by Alan S. Blinder
Keynesian economics is a theory of total spending in the economy (called aggregate demand) and of its effects on output and inflation. Although the term is used (and abused) to describe many things, six principal tenets seem central to Keynesianism. The first three describe how the economy works.
1. A Keynesian believes that aggregate demand is influenced by a host of economic decisions—both public and private—and sometimes behaves erratically. The public decisions include, most prominently, those on monetary and fiscal (i.e., spending and tax) policy. Some decades ago, economists heatedly debated the relative strengths of monetary and fiscal policy, with some Keynesians arguing that monetary policy is powerless, and some monetarists arguing that fiscal policy is powerless. Both of these are essentially dead issues today. Nearly all Keynesians and monetarists now believe that both fiscal and monetary policy affect aggregate demand. A few economists, however, believe in what is called debt neutrality—the doctrine that substitutions of government borrowing for taxes have no effects on total demand (more on this below). ...Article Continued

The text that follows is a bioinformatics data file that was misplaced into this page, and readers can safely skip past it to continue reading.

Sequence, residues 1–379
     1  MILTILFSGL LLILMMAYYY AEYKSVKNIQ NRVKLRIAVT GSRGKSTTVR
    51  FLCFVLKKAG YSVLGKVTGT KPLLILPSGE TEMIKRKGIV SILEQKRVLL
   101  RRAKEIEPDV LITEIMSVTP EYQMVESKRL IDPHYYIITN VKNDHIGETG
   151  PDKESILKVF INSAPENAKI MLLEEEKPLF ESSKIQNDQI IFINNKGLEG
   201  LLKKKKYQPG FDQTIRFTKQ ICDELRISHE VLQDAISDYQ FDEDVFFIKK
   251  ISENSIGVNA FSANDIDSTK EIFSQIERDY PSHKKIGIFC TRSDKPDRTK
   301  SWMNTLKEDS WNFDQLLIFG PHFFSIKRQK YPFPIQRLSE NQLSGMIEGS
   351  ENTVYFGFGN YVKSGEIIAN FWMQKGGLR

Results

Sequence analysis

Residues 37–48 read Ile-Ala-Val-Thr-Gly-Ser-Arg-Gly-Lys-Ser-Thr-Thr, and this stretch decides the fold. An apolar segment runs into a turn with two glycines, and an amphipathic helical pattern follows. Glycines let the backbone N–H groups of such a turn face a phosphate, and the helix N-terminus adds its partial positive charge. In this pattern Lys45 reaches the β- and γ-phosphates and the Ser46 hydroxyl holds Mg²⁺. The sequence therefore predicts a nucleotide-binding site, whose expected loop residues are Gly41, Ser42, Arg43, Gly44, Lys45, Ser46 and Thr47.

Thursday, October 30, 2003
Keynesian Economics - Again?
Just a good short overview of John Maynard Keynes' theories: